If the New York Islanders are going down, they’re going to go down with the horses that got them this far.
But their lineup might look a little different.
Islanders head coach Barry Trotz admitted that he is considering shaking up his top line of Mathew Barzal, Jordan Eberle, and Anders Lee ahead of Game 5 of the Eastern Conference Final Tuesday night (8 p.m. ET, NBC Sports).
The Islanders’ backs are firmly up against the proverbial wall down 3-1 in the best-of-seven against the Tampa Bay Lightning in which their power play and their first line have struggled to get on the board.
They’re the most notable culprits of the Islanders’ recent struggles as the power play has gone 1-for-14 on the man advantage while Barzal, Lee and Eberle have combined for just a single goal.
“They’re proud athletes. Anyone who considers themselves a really good player… when they’re not having the success that they’d like, it weighs on them,” Trotz said on Monday afternoon. “They put a little pressure on themselves, the fans put pressure… it’s something they have to deal with.”
Eberle has the lone tally, which came on the power play during an 8-2 loss during Game 1 last week.
“We’d love to be producing more than we have,” Lee said. “We understand that it’s a big part of our team’s lineup is that everyone has to chip in in some form or fashion. Our line has been producing, it’s been a little dry as of late.”
“I think it’s a matter of putting the puck in the back of the net and creating high-danger scoring chances,” Barzal added. “We haven’t created enough of those.”
One more loss to the Lightning means the Islanders’ weird, winding season that has gone further than many expected just six months ago will be over a few wins short of making their first Stanley Cup Final appearance since 1984.
A harrowing concept to be faced with, especially considering this is an Islanders team that has spent the last six weeks in multiple bubbles across Canada, reeled off two-straight upsets, and played more hockey than any of the remaining teams.
But the Islanders’ resolute and organized ways have fallen under siege by a high-powered Lightning team that has posted 17 goals over the first four games of the conference final.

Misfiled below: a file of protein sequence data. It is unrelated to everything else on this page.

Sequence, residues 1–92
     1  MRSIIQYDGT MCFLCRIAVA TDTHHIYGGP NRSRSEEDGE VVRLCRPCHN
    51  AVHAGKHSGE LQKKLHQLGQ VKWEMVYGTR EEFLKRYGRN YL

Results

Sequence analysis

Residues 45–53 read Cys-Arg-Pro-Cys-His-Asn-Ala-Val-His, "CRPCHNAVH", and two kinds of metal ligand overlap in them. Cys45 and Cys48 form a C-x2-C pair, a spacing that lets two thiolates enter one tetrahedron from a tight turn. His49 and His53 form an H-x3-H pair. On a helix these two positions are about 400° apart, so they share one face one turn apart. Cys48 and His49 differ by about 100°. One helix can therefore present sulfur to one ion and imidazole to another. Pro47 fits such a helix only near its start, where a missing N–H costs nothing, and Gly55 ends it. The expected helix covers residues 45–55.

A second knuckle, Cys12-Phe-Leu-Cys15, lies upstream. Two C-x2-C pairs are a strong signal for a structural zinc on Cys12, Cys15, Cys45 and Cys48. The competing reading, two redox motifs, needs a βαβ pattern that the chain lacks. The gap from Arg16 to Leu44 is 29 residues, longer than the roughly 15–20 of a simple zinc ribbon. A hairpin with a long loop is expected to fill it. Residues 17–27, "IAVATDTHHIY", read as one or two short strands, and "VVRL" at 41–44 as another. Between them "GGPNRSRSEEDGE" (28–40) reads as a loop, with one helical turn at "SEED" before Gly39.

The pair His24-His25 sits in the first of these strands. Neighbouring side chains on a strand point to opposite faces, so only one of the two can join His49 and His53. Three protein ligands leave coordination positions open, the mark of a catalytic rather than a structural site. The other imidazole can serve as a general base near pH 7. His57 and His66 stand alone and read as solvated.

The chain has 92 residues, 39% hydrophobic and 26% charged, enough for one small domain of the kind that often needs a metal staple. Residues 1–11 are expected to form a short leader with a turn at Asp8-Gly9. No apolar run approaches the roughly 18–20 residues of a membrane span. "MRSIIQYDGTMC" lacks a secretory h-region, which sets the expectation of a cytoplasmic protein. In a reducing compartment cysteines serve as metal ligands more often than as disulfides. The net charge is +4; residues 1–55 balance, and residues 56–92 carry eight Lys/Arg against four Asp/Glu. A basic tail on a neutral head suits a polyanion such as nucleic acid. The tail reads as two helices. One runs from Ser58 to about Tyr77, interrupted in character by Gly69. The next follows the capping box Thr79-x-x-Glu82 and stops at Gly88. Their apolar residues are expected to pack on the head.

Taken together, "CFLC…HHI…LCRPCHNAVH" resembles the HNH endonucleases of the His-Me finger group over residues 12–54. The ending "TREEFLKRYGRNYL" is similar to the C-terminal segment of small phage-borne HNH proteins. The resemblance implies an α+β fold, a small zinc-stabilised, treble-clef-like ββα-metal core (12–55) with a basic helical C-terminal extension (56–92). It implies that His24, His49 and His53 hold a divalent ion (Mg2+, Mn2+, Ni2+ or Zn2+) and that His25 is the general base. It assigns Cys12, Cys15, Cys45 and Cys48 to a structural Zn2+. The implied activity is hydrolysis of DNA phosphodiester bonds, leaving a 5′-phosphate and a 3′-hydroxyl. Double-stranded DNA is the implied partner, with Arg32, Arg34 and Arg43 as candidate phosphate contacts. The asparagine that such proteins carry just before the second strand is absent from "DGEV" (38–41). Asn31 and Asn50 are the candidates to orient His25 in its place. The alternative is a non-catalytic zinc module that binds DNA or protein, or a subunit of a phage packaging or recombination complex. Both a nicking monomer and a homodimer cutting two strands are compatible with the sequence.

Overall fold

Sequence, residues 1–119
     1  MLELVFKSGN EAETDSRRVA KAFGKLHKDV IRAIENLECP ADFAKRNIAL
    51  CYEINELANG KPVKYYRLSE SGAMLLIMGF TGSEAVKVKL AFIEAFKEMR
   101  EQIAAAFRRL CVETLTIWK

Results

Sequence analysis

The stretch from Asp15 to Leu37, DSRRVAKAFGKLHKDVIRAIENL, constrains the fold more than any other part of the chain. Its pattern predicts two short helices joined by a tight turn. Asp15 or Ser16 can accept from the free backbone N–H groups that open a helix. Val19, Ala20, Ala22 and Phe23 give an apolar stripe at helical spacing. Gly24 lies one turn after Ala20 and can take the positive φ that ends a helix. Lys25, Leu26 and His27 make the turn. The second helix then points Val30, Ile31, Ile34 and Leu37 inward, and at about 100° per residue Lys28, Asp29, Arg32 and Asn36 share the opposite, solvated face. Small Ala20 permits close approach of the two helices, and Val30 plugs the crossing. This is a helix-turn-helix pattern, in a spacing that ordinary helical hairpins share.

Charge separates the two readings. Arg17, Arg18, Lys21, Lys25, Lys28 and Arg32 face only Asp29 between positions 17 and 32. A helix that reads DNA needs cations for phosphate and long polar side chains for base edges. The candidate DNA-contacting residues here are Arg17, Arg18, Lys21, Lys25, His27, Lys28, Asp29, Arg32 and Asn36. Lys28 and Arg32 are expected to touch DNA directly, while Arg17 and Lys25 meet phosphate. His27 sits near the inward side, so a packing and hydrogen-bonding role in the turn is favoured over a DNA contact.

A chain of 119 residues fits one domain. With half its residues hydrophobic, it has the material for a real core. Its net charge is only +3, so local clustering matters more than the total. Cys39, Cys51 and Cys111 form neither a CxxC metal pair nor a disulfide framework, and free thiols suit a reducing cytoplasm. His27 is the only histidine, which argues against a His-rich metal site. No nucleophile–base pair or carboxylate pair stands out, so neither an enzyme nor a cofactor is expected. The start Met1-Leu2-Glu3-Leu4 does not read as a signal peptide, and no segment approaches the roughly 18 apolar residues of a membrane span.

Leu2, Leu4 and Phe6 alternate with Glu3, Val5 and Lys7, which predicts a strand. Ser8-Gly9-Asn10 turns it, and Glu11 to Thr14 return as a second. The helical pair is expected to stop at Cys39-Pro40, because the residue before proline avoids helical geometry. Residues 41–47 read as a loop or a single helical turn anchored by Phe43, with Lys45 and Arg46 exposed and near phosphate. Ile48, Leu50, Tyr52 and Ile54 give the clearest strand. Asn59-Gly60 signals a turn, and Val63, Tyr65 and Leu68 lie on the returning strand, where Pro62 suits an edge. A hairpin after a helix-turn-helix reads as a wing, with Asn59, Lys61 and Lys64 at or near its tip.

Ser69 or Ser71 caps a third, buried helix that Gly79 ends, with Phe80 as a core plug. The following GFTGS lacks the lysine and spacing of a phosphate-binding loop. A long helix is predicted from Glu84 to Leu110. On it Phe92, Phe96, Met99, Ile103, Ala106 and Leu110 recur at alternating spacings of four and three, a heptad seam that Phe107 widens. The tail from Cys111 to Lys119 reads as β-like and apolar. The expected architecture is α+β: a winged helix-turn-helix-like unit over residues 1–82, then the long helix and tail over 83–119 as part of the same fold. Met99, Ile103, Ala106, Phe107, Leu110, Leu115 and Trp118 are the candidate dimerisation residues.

They allowed 16 goals in seven games against the Philadelphia Flyers in the second round and just eight in five games against the Washington Capitals.
But none of those past playoff opponents have a first line as potent as the Lightning’s — the combination of Nikita Kucherov, Brayden Point, and Ondrej Palat running roughshod over New York. Their combined eight goals this series are just one fewer than the Islanders’ entire offensive output.
“They’re all good players. They’re outstanding players,” Trotz said following Game 4 on Sunday. “They can make plays, they go to the hard areas… They have guys that can pull the trigger pretty quick. They’re high-level, elite players.”
Still, the Islanders aren’t dead yet, and it’s a chance that they continue to relish.
“Eastern Conference Finals, when you have an opportunity to pull yourself right back into this thing just like we did after being down 2-0… look, we’re still alive here,” Lee said. “There’s no sense of doubt or anything like that.”
“To get to where we want to go, it’s not going to be easy, it’s not going to be all roses. You’re not going to come out of these things just by wanting it. You have to go out there and do it.”
To do so, the Islanders will continue to have to “redline” their game every night, as Trotz described it, meaning pushing their collective game as much as possible while keeping their structure.
“That’s a formula that works for us, it may not work for every team in the league,” Trotz said. “We have to play hard, we have to play with detail, we have to play with a four-line mentality and a physical edge. It’s demanding.”
“We’ve gone four rounds and it’s been hard. It’s not been easy. The four teams are here earned the right to be here. They deserve to be here.”
Pulling off such a comeback will be teetering on the line of miraculous, though. Teams that take a 3-1 series lead in a conference final since they began in 1982 have advanced 34 of 35 times.
Needless to say, the odds aren’t in the Islanders’ favor.
“You have to keep leaving the dream of the miracle. Whatever you need to get it done,” Trotz said. “There’s 27 teams and 700 players that would love to be in this position.”
“We’re not going to go down lightly,” Barzal added. “We’re going to come out swinging.”